Most of the time, life is better when you don’t look back, but doing so sure can spare your motorhome from damage.
By Betty J. Vickers
“Let’s sell our homes, pool our money, and buy a house someplace where the sun shines every day,” I said to my longtime friend, Sandy, when we retired from teaching.
“Great idea,” she agreed. “We ought to have some new adventures before we get too old to enjoy anything out of the ordinary.”
Shortly after we moved to the Southwest, the real adventures began. At ages 65 and 67, with neither of us having ever owned an RV before, Sandy and I pooled funds again and bought a new 32-foot motorhome.
We wanted to travel by our own timetables, and have a kitchen and toilet when we did. We also wanted to include our two schnauzers, Annie and Alex, in our journeys. RV travel fit the bill to a T. We bought a Winnebago Suncruiser in September, and by November, the sleek motorhome had been initiated into the reality of what it meant to be owned by two retired women with adventurous ideas. Unfortunately, one of us landed it in the shop with a $6,000 repair bill tucked under the windshield wiper.
Sandy, an avid golfer, had no problems hooking up the car to the Blue Ox tow bar and setting up and disassembling all the connections. I, on the other hand, was at a definite disadvantage because of long hours sitting at the computer pursuing my craft as a writer, with little time or inclination for exercise.
Since each of us needed to be able to take the RV on trips alone when our separate interests dictated, Sandy suggested I drive the motorhome around town to get used to the feel of it. So drive it I did, with no problems. Feeling especially adventuresome on one of the outings, I decided to pull into a truck stop for fuel. I filled it up successfully. I was feeling great. I was in control. I knew how to drive the motorhome and even gas it up. Wow! What a high!
When my daughter, Lynn, called to say she was flying into Las Vegas for a short vacation, it seemed the perfect time to plan my first real solo trip. I would gas up, then drive to Las Vegas the next morning and pick Lynn up at the airport. Using an RV park as a base camp, we would spend a few days seeing the sights.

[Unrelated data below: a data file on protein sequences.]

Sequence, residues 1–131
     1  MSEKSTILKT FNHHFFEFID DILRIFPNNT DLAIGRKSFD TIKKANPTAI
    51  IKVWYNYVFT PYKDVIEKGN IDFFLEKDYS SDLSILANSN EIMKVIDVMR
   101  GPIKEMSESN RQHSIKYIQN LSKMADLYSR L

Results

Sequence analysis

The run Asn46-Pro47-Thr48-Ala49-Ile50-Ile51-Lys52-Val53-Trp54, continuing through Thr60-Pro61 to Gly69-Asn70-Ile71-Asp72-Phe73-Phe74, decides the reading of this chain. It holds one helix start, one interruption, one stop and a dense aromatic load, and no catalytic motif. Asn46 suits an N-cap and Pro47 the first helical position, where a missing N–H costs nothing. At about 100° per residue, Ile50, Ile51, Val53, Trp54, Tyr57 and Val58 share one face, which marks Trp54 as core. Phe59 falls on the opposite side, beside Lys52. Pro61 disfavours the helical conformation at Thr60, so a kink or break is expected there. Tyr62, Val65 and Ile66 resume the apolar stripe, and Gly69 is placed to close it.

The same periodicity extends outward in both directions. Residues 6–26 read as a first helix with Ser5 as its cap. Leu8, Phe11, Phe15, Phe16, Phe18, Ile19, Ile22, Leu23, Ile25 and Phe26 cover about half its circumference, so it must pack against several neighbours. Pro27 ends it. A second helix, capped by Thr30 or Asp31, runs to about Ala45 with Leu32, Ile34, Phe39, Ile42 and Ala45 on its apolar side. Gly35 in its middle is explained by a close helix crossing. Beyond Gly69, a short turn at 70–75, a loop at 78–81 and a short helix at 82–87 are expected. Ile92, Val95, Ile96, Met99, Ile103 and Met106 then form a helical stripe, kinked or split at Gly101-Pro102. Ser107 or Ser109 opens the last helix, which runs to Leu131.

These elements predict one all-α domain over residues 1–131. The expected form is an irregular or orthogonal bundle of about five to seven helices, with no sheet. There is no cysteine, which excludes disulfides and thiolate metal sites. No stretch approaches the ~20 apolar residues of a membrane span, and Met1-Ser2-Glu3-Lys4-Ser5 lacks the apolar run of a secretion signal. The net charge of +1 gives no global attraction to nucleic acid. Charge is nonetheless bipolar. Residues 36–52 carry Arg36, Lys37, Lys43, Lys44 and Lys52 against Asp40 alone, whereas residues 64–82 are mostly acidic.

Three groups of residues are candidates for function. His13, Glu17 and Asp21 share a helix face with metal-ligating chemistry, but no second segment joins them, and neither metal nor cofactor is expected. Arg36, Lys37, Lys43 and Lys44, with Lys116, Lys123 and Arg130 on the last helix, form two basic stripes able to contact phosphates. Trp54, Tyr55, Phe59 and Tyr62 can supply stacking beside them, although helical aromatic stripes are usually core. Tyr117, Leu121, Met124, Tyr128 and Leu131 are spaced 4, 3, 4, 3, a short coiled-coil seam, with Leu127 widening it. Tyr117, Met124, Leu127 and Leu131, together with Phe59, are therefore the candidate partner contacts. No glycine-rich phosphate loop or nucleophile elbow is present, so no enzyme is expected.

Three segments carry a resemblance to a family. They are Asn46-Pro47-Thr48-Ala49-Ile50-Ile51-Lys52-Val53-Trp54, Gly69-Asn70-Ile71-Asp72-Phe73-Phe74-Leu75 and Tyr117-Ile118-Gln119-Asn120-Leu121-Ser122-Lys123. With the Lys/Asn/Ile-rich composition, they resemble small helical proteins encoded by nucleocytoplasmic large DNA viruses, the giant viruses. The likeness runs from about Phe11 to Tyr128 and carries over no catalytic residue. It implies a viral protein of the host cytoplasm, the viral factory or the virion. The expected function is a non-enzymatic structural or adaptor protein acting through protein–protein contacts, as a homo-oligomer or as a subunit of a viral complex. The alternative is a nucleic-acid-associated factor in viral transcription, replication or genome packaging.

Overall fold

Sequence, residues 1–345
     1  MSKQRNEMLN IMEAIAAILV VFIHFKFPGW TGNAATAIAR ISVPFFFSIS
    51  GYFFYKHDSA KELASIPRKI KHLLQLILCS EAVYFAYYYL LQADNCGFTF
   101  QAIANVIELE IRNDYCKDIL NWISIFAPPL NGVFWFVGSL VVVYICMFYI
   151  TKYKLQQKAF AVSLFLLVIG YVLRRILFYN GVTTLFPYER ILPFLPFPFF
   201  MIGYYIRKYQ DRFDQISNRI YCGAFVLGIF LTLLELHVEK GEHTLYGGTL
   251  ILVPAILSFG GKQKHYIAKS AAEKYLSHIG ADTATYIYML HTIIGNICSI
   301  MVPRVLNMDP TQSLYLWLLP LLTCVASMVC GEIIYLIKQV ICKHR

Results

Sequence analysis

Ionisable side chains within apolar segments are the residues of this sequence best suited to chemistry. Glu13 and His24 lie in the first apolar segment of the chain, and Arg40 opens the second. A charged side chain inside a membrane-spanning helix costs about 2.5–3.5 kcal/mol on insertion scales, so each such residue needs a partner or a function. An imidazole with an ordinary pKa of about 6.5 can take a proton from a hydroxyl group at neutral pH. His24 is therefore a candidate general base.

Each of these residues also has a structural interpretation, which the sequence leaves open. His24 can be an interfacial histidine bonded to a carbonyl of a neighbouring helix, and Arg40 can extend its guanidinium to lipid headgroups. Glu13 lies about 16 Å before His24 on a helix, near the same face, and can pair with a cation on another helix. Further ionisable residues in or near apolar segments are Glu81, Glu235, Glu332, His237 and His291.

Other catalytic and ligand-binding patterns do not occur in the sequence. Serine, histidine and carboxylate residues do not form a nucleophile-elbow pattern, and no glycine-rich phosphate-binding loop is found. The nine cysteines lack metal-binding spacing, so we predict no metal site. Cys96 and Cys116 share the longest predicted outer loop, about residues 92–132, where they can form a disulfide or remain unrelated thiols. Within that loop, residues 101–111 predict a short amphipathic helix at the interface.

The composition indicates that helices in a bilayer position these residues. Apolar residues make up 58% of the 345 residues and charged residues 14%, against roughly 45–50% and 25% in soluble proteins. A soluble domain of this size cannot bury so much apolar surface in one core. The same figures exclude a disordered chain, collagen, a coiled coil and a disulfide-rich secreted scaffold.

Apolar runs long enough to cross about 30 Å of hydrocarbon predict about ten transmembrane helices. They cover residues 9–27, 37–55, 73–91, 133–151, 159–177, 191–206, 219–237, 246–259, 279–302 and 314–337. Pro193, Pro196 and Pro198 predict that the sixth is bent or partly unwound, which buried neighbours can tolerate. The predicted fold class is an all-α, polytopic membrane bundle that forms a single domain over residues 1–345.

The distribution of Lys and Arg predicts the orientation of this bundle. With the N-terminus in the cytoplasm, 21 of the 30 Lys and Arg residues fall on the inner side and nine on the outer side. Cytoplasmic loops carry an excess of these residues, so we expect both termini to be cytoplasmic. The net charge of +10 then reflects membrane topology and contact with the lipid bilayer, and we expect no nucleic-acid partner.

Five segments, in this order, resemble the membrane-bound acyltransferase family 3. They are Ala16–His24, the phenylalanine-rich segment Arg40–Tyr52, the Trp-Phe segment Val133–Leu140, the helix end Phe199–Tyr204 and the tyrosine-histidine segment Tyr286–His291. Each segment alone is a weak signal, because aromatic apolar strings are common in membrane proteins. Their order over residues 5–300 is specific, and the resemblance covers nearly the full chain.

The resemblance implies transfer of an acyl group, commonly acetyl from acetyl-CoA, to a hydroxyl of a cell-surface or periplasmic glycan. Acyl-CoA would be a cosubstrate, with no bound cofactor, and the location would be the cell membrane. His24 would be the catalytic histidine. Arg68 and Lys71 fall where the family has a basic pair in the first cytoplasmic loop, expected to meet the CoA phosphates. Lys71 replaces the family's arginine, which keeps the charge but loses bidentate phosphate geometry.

I took the RV a couple of miles down the road to the same Flying J truck stop where I’d gassed up several times. I drove in and maneuvered, just so, beside the pump, then jumped out and pumped the tank full. Finished, I took the driver’s seat and snapped on my seat belt. Looking in all directions, I started to ease away from the pump and turn at the same time.
Crunch, came the most dreaded sound. I slammed on the brakes and jumped out to assess the damage. A concrete post had somehow become wedged between the motorhome’s bumper and rear panel, and now the panel bore a tall, jagged tear.
Several huge semi-trucks were parked nearby, so while Alex barked his little black head off, I went into the station and looked around for a driver. Swallowing my badly wounded pride and feeling like the world’s greatest fool “” no, the greatest female fool “” I walked up to a man who was obviously a truck driver and asked him for help. I thought if anybody could extricate the RV from its bad position, a truck driver could. He obliged and came out to look at the damage.
“Oh, boy, lady,” he said. “There ain’t no way anybody gonna drive this baby away without help. You gotta call you a wrecker to lift it sideways and set it over before you can move it. Otherwise, you gonna rip the whole back wall off it.”
Turns out, that trucker knew his stuff. That’s exactly what it took to free the beautiful new motorhome from the clutches of that post so it could be driven to the RV garage in Las Vegas to be repaired.
I felt like two cents waiting for change. I had just given validity to most men’s opinions about women drivers. Plus, I had to tell Sandy that not only had I broken my half of the new motorhome, but I had broken her half, too.
And what was I going to do with the plans I’d made with my daughter? I knew what I felt like doing: ditching those plans, picking her up in my car, and staying in a hotel.
Living on terra firma over the years has taught me many truths. One is the adage about getting back on the horse. You know the one I mean. So that’s exactly what I did.
Once Sandy got over the initial shock of the damage, she unrolled the duct tape and we heaved and pulled and taped the rip closed. I dusted off my chagrin the next morning, attached the car to the tow bar, rehearsed the steps again for attaching and disconnecting in the RV park, and took off alone for Las Vegas, 120 miles away. Aside from one trucker blowing his horn at me on the fast, skinny-laned freeway through Las Vegas, I performed every task, if not like a pro, then to the best of my ability, which turned out to be quite adequate.
Was I scared and unsure of my ability to drive again? Absolutely. Scared pea-green. But I did it, and that’s what was important.
Now I know that gender, fear, or age do not have to keep me from living my life to its fullest and trying fun, new adventures. I decided to bring that “horse” back around and saddle it up just as long as I was able to hold onto it. It’s a great lesson to learn, and I have the motorhome and that post, I guess to thank.